On Frank’s ninth birthday, something happens that will change his life forever. His neighbor Alice’s dog Uffe is so excited when Frank treats him to a piece of cake, that he accidently bites Frank’s finger. Shortly after, Frank starts having mysterious dreams. In his dreams, he has four legs, and fur, and a wagging tail. All he wants is for someone to pet him, scratch him behind his ears and cuddle with him. But why are everybody so scared of him?

Meanwhile, a rumor spreads through town. People are saying that there is a monster living in the forest, a bloodthirsty beast who attacks innocent people. Could it possibly be that Frank’s dreams are not dreams?

Exciting, fun and just the right level of scary, with cliffhangers which make you want to read more. The Monster In The Night is a story about monsters and humans, about not fitting in, and about finding your pack.

The books about Frank are a big commercial and critical success and have been sold to several countries. Sofia Falkenhem has made the beautiful illustrations.

“My five year old has finally cultivated a passion for books that do not end the same evening as you open them. This is a win for both of us. One book we lost ourselves in is Mats Strandberg’s The Monster in the Night.” – Dagens Nyheter / SWE

“A both exciting and sad story about not fitting in and discovering a different way out of loneliness.” – Aftonbladet / SWE

“Mats Strandberg writes catchy, simply and unsentimentally about alienation, the desire to find your pack and the human fear of the unknown. Between the lines one can also find in the book’s significance as a comfort as well as an exciting portal into other worlds. – Folkbladet

“When we were done reading The Monster in the Night my boys immediately wanted to know when parts 2 and 3 are published.” – Jönköpingsposten

”The Monster in the Night sure want you to read more.” – Katrineholmskuriren

“He has found the right level. It is not too childish, not too simplistic. I look forward to the rest of the series. Sofia Falkenhem’s wonderful illustrations makes it less scary.” – Alba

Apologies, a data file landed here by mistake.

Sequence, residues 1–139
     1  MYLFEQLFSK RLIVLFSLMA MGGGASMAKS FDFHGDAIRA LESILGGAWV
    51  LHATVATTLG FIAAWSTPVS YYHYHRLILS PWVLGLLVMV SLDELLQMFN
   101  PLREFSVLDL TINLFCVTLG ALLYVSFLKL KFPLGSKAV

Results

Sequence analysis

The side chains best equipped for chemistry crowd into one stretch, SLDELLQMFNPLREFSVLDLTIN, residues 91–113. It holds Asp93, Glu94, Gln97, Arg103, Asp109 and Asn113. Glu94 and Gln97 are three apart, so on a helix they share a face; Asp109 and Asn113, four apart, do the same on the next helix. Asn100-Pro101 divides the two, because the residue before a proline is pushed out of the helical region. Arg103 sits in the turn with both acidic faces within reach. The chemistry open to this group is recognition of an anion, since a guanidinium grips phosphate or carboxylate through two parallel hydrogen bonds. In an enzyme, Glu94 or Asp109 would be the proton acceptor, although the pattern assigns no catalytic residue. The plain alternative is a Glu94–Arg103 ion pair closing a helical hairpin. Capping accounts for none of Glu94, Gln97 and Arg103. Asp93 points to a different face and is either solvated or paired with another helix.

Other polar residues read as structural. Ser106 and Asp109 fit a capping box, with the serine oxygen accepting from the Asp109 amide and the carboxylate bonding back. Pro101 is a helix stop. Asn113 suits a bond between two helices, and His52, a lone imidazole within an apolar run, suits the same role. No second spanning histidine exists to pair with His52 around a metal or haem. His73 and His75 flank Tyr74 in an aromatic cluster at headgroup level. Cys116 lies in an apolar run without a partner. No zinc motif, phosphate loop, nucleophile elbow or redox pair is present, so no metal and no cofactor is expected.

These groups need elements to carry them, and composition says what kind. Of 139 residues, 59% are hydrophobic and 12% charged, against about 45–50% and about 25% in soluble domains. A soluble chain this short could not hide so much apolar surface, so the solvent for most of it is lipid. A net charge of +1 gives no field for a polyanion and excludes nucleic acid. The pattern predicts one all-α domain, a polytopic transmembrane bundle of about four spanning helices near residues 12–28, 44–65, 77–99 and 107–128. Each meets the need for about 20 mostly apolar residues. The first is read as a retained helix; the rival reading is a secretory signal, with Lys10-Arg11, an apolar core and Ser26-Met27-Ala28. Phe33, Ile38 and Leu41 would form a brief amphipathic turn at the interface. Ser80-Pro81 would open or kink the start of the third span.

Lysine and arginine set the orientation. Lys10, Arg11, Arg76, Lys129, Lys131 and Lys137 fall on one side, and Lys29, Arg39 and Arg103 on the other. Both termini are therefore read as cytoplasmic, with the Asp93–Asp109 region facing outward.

“You cannot expect anything but the best and the most initiated by Strandberg – he knows his horror and fantasy and ancient tales.” – Kulturvinden, blog / SWE

“You don’t have to be horror geek to love this book. It is enough to enjoy reading.” – Litteraturmagazinet

“The Monster in the Night is a well written and multilayered chapter book about accepting who you are, but also about how xenophobia arises in the fear of the unknown and different.”

These books are beautiful…
– Sydsvenskan

My daughters love these books, and however impossible it would seem, they like The Monster At The Circus even more than the first one. I must say I have never heard louder protests when I stop reading, or as inventive methods of bribery to keep me going.
– Boktokig (blog)

…a new, emotional, exciting and sometimes scary adventure… (Frank is) a believable character who can give comfort to many. 
– Sofies bokblogg

The idea came in the form of a small, fluffy, ridiculous dog. It belonged to our friends, and we all fell in love with it during a summer weekend by the sea. It was the kind of dog that throws itself at your feet, lies on its back and DEMANDS that you scratch its belly.

I started thinking about how all dogs supposedly originate from wolves, and how hard that is to believe when you see a dog like this. And like the horror writer I am, this got me thinking about the werewolf mythology. What kind of monster would you transform into if you were bitten by an over-affectionate dog like this one? Perhaps you would become a big, fluffy creature who hunted people – not to kill them, but to be scratched and tickled and stroked?

I never wanted to write children’s books, but this idea wouldn’t leave me alone. It wagged its tail at night and begged for attention when all I wanted was to go to sleep. I started thinking of a boy who was a lot like me when I was nine years old; quite lonely, not really sure how to act around other kids. His parents are good people, but sometimes really clueless.

I named this boy Frank Steen, and through the monster, his real self could surface; someone who wanted affection, friends, a place in the world. The story grew. I wanted Frank to find his own pack, when and where he least expected it. And when I realized that the fear of monsters would spread like wildfire through the town where Frank lives, it also became a story about the fear of the unknown, and how that fear can make people dangerous. My own sorrow over the current state of the world leaked onto the pages. But so did my belief in the power of love and understanding.

I wrote these books for my nine-year old self. He loved the stories of Astrid Lindgren, where sadness was allowed to co-exist with excitement and thrilling adventures. I would never compare myself to Astrid, but I was hoping to write a book for every kid who feels like he/she doesn’t fit in. I wanted these books to comfort kids like Frank. But in the end, it was Frank and his new monster friends who comforted me instead.